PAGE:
Podcasts

Articles

Henrietta Lacks’ Immortal Cells

One of medical science’s greatest paradoxes: The cancer cells that killed Henrietta Lacks revolutionized medicine — medical care her own family couldn’t afford. Narrow profit margins for Canadian uranium companies operating in Niger. Big health risks for Nigerien miners.


Lake Chad Drying Up

Six out of nine planetary systems key to the survival of the human species are under threat. Is Earth still a safe operating space for human beings? And, a mega-engineering project to save an endangered African lake — on the drawing board, and very worrisome.


Gut Microbes & Hospital Wine

Feed your head, Grace Slick cried in the song ‘White Rabbit’. How about feeding the bacteria in your gut? Beer won’t make you smart, or healthy. How about wine, casked, matured and sold at your local hospital? And, recalling the Birmingham Campaign for civil rights, and the 16th Street Baptist Church bombing, sixty years ago.


The First 9-11

A year after the US Supreme Court banished abortion rights, millions of American women and girls face dire health and emotional health threats. Twenty two years after the Twin Towers’ destruction, we recall the first 9-11 — back in 1973. And, Palestine Panopticon. Israel’s vast carceral system for subjugated Palestinians.


Wanted Man

Kids aren’t the only ones rebelling against extinction. In Ottawa, a sixty-year-old gets arrested for sitting down on a highway. Forget politicians — citizens’ assemblies are the way to go. And, channeling Johnny Cash for adoring fans in France and Germany.


Bosses Old & New

In West Africa, French colonialism officially ended in the 1960s. Six decades later, neocolonialism lives on. These days, America is the world’s preeminent imperial power and NATO its most powerful tool. In Cambodia, French colonists are long gone. Military chiefs and their rich clients rule the roost, much to the detriment of biodiverse ecosystems.


Poisonous Legacies

Uranium mining in Niger: a filthy, toxic business. Fifty years after the end of America’s war on Vietnam, traces of US chemical weapons linger. And, the Anthropocene. A geologist talks about humanity’s transformation of Planet Earth.






Green Planet Monitor Podcast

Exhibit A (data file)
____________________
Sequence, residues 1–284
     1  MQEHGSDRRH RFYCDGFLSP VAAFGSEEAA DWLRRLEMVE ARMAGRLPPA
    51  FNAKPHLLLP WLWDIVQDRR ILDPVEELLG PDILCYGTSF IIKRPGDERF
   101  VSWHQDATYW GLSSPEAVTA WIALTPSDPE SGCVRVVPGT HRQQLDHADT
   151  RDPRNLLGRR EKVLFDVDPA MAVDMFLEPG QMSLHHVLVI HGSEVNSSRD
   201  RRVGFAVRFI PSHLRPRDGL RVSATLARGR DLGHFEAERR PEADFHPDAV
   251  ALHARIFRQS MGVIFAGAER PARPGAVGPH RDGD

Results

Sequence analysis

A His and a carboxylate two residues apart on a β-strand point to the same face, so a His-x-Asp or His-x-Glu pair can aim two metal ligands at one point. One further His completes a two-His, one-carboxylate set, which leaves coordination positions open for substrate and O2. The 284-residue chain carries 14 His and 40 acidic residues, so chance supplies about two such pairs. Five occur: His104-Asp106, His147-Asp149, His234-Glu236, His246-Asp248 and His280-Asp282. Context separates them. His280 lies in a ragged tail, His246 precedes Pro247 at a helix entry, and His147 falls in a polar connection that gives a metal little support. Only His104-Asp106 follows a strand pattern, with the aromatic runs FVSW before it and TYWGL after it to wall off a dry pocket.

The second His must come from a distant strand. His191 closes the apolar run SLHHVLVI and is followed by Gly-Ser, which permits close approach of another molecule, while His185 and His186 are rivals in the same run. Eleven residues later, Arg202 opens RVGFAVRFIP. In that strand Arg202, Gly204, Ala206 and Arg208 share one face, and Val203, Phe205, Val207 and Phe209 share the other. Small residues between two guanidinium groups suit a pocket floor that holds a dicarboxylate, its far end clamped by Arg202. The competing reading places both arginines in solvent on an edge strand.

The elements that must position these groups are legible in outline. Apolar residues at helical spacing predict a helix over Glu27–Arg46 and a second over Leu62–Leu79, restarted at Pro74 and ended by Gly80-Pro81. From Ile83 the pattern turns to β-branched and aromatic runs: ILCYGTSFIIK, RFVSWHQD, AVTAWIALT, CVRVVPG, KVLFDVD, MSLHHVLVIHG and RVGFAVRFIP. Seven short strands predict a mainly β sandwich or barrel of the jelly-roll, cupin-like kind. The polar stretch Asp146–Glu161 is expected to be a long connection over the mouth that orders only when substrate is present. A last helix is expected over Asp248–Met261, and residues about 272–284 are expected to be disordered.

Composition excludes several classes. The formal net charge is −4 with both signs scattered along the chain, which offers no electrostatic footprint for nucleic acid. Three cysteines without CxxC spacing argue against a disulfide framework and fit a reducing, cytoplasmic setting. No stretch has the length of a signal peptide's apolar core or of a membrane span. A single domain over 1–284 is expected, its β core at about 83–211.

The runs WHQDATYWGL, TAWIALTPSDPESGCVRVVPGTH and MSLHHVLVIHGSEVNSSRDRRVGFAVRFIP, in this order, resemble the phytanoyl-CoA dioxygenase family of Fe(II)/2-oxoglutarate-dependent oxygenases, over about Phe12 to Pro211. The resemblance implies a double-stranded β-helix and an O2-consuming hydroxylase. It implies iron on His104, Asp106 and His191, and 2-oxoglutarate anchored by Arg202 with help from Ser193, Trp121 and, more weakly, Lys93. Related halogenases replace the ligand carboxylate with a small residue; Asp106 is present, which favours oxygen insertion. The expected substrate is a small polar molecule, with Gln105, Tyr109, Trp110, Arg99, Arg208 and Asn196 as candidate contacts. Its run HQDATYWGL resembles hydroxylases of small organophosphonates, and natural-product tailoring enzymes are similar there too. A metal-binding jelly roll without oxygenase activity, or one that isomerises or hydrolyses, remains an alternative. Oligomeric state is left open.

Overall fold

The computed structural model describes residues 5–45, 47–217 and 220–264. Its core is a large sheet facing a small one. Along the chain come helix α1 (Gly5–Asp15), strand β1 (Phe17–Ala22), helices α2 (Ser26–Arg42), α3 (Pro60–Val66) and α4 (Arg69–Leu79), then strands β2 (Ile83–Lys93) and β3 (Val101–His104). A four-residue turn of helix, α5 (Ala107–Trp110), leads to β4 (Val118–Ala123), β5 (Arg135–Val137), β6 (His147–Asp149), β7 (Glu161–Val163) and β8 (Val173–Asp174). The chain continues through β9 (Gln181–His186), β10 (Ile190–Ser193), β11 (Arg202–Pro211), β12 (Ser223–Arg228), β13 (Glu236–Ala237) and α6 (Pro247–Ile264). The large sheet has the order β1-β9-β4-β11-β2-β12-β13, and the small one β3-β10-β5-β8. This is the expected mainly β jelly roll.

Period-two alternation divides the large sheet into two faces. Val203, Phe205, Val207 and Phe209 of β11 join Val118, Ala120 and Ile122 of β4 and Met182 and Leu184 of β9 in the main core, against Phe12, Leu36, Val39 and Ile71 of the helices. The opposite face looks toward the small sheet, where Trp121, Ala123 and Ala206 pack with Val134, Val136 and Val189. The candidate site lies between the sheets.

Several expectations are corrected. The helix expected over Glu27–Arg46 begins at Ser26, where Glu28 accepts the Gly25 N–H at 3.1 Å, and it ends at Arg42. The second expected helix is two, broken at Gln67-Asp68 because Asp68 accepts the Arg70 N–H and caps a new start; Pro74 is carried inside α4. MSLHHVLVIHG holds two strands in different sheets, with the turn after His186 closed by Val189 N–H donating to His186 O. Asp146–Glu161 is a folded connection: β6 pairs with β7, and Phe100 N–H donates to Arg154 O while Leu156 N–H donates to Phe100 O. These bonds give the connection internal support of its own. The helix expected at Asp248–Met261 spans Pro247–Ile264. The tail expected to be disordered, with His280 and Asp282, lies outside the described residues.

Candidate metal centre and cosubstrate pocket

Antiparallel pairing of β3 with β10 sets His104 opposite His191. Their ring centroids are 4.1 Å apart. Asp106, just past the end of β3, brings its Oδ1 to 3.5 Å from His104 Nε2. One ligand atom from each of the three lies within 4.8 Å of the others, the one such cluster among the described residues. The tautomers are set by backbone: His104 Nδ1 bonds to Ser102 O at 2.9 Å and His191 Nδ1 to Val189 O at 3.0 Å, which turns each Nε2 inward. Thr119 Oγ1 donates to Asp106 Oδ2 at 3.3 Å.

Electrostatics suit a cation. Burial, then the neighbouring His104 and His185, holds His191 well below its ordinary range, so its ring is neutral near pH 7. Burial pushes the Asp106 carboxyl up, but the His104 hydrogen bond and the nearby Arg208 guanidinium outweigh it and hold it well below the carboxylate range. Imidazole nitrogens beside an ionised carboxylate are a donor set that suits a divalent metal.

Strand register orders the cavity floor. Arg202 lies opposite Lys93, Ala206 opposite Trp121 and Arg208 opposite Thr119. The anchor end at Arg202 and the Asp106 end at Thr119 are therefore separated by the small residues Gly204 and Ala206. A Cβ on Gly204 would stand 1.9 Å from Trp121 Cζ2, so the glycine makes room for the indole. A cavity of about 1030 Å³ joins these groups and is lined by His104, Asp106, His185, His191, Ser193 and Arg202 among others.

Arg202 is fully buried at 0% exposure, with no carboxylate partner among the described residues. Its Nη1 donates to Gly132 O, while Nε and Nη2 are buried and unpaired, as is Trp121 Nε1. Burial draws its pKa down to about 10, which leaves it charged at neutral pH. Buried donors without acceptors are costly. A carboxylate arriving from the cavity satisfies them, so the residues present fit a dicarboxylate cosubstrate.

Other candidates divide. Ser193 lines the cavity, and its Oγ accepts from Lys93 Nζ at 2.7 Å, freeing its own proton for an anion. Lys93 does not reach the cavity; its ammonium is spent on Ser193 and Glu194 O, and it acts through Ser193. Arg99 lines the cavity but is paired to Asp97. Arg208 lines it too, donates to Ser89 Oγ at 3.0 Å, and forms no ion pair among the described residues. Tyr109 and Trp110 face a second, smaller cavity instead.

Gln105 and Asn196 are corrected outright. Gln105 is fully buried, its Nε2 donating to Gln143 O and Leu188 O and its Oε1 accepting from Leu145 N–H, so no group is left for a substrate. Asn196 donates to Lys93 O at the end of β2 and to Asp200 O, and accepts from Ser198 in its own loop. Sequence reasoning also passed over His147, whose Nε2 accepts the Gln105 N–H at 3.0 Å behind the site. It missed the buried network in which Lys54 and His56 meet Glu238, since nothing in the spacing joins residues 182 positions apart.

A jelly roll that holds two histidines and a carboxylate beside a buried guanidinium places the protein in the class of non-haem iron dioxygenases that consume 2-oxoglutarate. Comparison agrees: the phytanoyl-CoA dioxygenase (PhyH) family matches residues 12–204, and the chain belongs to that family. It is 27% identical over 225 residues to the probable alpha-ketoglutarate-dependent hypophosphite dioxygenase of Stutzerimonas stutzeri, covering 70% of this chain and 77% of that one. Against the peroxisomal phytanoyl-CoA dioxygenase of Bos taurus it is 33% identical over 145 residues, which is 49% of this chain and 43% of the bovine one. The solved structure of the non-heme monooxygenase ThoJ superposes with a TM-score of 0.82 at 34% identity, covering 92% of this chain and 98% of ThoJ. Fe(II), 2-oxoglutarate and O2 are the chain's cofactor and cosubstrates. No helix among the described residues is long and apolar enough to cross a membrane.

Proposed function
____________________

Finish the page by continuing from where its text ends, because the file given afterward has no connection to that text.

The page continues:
Artificial Intelligence: existential threat to humanity, or just to basic civil rights? Personal DNA testing – you never know what you’ll find. And, Forever Chemicals in the blood of pregnant mums and their babies.


Green Planet Monitor Podcast

After years of study, a scientific panel proposes a formal definition of the Anthropocene, naming the spot where humanity’s fingerprints are best observed in the rock record. A Canadian geologist relishes the moment. And, a First Nations elder reflects on the lake of her dreams and memories.


Green Planet Monitor Podcast

Nothing woolly-headed or Utopian about it: A universal, guaranteed basic income. A hundred years later, memories of war that do not fade. And, one of humanity’s great revolutions – the 1950s Great Acceleration has transformed Earth’s surface completely, hurtling our planet into an uncertain future.


Green Planet Monitor Podcast

Humanity’s impact on Planet Earth has a name: the Anthropocene. The start of Earth’s human age can be pinpointed in ice and biological cores, and the bottom sediments of bays and lakes — including a small lake in southern Ontario. But human beings have no control. And now we stand at catastrophe’s door.


Green Planet Monitor Podcast

The roots of the US anti-abortion movement — misogyny, racism and hatred of immigrants. On the edge of a big Canadian city, an oasis of calm where wildlife thrives. And, the latest report from the World Meteorological Organization; its lead author is scared.




Green Planet Monitor Podcast

Extinction Rebellion protests pack London streets; human beings have commandeered an astonishing quarter of Earth’s natural productivity, decimating biodiversity and polluting the planet; bacteria, on the other hand, are the foundation of life on Earth. Most are harmless, and even helpful.